tralac’s Daily News Selection
Diarise: 2020 IMF-World Bank Annual Meetings (12-18 October)
Next stages of WTO DG selection process: General Council Chair Walker announces timelines
Commemoration of the first edition of Africa Integration Day: Closing remarks by H.E. Amb Albert M. Muchanga, African Union Commissioner for Trade and Industry
As we bring the commemorative activities to a close, I wish to conclude with three main messages:
The first message is a word of thanks to all our partners who have worked tirelessly with us to make this first commemoration of Africa Integration Day a memorable event. Let me mention the Regional Economic Communities, AfroChampions Initiative, AeTrade Group, African Development Bank (AFDB), Africa Export-Import Bank (Afreximbank), African Economic Zones Organisation (AEZO), AUDA-NEPAD, African Energy Commission, United Nations Economic Commission for Africa (UNECA), United Nations Conference on Trade and Development (UNCTAD), Trade Law Centre (TRALAC); AUC Departments and AUC Missions abroad. Special thanks to H.E. Mr. Mahamadou Issoufou, President of the Republic of Niger and Champion of the AfCFTA; H.E. Obasanjo, and H.E. Helen Sirleaf Johnson for their active participation in some of the activities as well as the messages of support such as the one delivered by the King of Eswatini.
The second message is one of encouragement to African Union Member States and the Regional Economic Communities. I urge them to take advantage of the AfCFTA by putting in place all the necessary measures, so as to fully benefit from this huge single market of 1.27 billion consumers so that when we reconvene next year for the second edition, there will be even more results and achievements to celebrate. This will require working with all segments of the society; and in particular encouraging and facilitating intra-African private investment in national economies through the provision of conducive investment climates; collaborating with the private sector and academia in research and development; and working with the African Youth to harness their talents and innovative potentials, to support the industrialisation and economic diversification of the Continent a key lever to its trade and economic integration.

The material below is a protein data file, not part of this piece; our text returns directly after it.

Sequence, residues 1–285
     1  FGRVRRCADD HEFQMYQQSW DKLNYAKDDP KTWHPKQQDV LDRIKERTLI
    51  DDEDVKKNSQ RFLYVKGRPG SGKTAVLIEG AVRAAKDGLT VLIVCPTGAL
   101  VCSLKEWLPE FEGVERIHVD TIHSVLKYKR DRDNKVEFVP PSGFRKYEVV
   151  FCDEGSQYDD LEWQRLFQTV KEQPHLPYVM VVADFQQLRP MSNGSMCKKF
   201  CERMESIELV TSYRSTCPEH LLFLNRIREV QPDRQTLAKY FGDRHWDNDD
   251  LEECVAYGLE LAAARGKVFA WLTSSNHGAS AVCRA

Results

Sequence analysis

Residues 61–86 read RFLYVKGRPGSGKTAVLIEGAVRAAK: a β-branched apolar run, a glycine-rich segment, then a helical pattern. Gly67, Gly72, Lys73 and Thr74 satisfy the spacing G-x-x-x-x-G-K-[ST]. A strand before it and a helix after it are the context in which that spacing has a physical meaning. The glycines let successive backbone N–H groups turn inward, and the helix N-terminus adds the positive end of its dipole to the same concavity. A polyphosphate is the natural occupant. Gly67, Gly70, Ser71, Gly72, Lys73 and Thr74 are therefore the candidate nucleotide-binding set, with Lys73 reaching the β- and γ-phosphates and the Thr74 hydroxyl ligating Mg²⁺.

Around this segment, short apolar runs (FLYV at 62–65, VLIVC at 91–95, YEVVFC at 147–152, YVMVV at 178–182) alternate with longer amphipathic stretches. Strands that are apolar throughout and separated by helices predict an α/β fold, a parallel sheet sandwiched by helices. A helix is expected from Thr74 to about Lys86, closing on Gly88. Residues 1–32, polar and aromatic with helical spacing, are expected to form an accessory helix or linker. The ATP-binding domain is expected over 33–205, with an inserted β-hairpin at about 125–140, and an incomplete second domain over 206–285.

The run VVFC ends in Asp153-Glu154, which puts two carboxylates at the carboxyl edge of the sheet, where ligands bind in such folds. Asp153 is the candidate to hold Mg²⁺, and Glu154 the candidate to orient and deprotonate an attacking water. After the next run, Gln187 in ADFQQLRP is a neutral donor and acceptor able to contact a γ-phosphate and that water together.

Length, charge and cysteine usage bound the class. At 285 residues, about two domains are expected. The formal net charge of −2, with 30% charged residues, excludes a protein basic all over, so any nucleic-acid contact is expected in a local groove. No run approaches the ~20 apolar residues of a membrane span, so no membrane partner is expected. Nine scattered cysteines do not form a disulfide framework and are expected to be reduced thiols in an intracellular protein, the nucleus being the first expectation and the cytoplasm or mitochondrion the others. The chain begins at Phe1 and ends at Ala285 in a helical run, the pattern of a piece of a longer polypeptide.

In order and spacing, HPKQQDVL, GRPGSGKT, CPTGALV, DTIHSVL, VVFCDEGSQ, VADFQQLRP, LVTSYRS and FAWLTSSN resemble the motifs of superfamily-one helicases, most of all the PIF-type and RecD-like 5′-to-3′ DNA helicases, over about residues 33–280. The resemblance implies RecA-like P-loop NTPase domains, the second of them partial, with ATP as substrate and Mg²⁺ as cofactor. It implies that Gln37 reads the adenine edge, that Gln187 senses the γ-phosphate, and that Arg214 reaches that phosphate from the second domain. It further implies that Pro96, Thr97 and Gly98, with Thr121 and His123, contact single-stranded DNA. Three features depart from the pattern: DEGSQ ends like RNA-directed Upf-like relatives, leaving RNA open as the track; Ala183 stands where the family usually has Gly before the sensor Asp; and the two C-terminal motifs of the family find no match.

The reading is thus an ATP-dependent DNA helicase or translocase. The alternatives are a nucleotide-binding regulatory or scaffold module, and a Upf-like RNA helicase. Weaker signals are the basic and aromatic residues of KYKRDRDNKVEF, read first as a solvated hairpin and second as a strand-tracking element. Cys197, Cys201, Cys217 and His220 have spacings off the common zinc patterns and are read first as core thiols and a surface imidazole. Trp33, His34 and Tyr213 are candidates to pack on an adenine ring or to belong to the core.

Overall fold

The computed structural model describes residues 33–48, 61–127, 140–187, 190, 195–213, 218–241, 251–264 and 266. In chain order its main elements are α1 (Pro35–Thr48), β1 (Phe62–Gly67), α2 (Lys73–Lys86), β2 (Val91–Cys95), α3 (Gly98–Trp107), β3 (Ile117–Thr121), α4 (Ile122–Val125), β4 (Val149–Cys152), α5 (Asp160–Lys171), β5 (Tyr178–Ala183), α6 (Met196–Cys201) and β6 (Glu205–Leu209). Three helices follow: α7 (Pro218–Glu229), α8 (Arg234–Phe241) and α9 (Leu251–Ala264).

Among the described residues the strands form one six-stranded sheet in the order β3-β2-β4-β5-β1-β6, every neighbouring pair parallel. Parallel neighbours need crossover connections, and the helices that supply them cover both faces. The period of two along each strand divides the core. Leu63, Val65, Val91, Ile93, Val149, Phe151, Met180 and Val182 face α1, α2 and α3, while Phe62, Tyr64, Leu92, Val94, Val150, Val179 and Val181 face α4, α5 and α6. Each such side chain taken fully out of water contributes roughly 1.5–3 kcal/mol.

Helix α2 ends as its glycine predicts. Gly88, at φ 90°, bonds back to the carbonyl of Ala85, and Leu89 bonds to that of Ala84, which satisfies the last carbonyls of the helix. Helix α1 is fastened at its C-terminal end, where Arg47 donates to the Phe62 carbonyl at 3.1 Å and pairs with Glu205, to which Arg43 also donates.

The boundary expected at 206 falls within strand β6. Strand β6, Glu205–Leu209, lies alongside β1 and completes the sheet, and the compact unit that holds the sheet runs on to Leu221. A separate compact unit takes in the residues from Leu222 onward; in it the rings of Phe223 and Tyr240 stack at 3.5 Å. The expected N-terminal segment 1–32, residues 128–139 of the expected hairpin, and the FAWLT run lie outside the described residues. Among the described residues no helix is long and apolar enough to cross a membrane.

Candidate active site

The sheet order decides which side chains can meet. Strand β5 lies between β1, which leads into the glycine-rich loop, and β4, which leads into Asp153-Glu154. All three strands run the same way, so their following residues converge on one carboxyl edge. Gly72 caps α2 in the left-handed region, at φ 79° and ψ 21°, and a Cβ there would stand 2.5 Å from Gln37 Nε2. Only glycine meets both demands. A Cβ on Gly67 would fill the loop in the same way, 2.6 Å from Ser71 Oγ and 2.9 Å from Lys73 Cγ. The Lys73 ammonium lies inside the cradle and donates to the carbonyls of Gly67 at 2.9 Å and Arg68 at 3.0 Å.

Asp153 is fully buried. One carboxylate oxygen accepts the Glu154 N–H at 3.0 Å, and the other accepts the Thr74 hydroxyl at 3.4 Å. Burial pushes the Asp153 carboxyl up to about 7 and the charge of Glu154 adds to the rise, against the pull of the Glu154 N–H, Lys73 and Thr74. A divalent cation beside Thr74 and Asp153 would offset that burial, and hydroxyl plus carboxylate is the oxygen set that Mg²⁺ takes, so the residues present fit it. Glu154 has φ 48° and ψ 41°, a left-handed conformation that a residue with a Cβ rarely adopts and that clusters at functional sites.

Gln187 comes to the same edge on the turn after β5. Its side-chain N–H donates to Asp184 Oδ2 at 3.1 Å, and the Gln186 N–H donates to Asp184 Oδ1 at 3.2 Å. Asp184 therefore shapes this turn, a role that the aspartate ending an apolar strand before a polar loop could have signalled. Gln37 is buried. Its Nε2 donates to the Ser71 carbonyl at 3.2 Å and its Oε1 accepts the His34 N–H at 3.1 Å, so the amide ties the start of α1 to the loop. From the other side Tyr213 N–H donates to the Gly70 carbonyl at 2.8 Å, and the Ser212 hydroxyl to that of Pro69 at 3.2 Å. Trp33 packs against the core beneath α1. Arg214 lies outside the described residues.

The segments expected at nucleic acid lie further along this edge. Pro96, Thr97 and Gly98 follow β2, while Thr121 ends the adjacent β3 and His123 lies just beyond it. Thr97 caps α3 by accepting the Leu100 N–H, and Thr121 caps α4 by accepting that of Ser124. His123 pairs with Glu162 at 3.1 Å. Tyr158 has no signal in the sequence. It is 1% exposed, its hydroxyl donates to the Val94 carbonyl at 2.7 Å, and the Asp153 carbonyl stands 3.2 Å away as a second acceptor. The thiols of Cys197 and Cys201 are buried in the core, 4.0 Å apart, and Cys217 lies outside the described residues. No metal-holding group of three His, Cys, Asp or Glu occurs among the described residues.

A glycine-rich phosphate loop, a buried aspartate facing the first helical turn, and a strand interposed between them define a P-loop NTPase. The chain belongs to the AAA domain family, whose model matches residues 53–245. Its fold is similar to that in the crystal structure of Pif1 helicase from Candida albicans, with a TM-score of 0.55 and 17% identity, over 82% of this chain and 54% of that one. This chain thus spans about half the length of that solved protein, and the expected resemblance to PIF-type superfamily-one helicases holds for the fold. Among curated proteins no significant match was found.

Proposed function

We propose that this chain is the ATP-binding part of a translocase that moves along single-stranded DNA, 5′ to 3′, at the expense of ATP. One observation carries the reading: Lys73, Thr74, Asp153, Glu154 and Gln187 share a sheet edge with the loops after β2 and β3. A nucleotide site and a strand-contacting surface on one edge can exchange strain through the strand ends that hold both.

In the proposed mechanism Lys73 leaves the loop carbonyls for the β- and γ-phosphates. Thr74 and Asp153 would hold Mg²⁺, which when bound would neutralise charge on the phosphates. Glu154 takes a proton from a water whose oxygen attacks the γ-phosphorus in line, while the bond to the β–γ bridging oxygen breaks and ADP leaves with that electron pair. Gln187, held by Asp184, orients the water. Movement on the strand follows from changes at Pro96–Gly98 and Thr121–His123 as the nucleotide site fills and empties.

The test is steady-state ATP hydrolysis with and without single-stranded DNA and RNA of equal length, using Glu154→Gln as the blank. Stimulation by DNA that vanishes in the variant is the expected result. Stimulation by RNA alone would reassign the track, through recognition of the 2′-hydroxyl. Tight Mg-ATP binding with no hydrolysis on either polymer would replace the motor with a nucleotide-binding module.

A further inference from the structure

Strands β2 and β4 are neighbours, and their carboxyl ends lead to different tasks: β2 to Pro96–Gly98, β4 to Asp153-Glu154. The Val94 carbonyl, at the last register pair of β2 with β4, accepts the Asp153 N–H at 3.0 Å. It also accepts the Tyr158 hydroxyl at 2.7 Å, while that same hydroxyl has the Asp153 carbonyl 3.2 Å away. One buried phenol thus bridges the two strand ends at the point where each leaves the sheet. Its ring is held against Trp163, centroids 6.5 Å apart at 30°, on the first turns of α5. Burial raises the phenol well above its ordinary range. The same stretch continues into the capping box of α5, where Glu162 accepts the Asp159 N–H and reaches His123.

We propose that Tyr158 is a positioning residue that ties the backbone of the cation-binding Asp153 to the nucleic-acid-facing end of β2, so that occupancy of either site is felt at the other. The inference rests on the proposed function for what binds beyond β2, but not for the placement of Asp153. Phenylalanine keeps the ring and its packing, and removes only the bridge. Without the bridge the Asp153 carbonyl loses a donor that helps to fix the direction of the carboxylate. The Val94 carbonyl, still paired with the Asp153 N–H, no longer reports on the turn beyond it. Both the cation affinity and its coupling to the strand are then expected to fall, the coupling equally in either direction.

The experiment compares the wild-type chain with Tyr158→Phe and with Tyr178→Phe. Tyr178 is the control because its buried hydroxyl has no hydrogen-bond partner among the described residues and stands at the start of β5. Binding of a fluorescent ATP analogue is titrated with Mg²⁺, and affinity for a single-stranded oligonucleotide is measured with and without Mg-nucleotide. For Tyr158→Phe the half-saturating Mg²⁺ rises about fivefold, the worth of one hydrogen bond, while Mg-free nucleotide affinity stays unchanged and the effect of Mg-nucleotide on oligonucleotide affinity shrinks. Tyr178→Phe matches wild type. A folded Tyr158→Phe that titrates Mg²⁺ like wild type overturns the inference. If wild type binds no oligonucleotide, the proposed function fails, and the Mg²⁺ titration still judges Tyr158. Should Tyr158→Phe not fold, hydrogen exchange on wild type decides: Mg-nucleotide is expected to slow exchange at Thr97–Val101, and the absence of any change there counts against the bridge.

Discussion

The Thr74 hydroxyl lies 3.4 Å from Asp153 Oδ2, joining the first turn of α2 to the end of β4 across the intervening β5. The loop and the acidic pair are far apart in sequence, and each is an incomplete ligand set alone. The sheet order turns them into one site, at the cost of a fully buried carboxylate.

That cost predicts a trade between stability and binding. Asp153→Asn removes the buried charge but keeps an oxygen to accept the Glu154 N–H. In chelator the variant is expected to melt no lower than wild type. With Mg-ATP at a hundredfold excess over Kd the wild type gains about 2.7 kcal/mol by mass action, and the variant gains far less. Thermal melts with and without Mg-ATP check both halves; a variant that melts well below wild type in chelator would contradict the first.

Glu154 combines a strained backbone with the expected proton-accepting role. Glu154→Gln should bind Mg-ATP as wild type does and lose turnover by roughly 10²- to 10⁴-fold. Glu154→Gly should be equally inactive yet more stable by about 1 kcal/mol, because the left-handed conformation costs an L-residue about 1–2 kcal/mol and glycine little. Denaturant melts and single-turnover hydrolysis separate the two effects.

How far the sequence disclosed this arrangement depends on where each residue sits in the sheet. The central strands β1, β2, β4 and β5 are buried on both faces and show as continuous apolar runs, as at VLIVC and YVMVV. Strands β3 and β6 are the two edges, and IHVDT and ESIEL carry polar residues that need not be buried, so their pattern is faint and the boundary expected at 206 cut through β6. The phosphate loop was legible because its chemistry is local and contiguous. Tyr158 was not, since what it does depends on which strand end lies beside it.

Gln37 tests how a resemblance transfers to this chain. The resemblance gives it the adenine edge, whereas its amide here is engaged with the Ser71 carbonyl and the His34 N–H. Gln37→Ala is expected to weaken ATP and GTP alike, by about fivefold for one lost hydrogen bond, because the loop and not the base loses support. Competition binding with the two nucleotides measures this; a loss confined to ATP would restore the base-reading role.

The third and final message is that of strategic focus to deliver on key programmes of trade and economic integration outlined in Agenda 2063; so that year after year, we can build on our present collective achievements and success to realize the next milestones on our journey towards the African Economic Community, which is to establish the African Common Market by 2023. If there is one main take away from this commemoration; it is, as stated by the Chairperson of the Union, H.E. Mr. Cyril Ramaphosa, President of the Republic of South Africa; the Leader of the AfCFTA, H.E. Mr. Issoufou Mahamadou, President of the Republic of Niger and H.E. Mr. Moussa Faki Mahamat, Chairperson of the AU Commission in their Joint Statement, and I quote: “the future of Africa as regards recovery [from the COVID-19 Pandemic], development and resilience lies in accelerating its economic integration through the implementation, at the level of Africa, of the AfCFTA. The AfCFTA offers the best platform for us to build and deliver inclusive and sustainable development by using the large market space to mobilise investment.
pdf Closing Remarks by AU Commissioner for Trade and Industry Albert Muchanga on Africa Integration Day - 9 July 2020 (268 KB)
The impact of the COVID-19 crisis on trade: Recent evidence from East Africa (Brookings)
This paper uses Kenyan trade data published up through May 2020 to provide a preliminary evaluation of the impact of the COVID-19 crisis on regional trade in the East African Community. Paradoxically, given the prevailing pessimism surrounding the prospects for global trade, Kenya actually experienced a significant improvement in exports in the first quarter of the year, together with a moderation of imports, leading to a marked decline in the trade deficit. While the initial shock to Kenyan trade caused by the COVID-19 crisis initially looked dramatic in terms of the declines registered, this paper reveals that i) the shock is not so alarming when seasonality is taken into account; ii) re-exports and imports have been the primary foci of impact; and iii) domestic exports have actually performed extraordinarily well under the circumstances, with incremental growth since 2019. Highlighted policy recommendations (pdf):
A coordinated EAC-wide approach is required to ensure trade continues to flow and vulnerable countries are cushioned from the fallout. Regional protocols and initiatives like TradeMark East Africa’s $23m Safe Trade Emergency Facility which focuses on making ports, borders, and supply chains safe for trade, are critical in this respect. The East Africa region and Africa in general need more initiatives of this nature for intraregional trade to remain buoyant in these challenging times.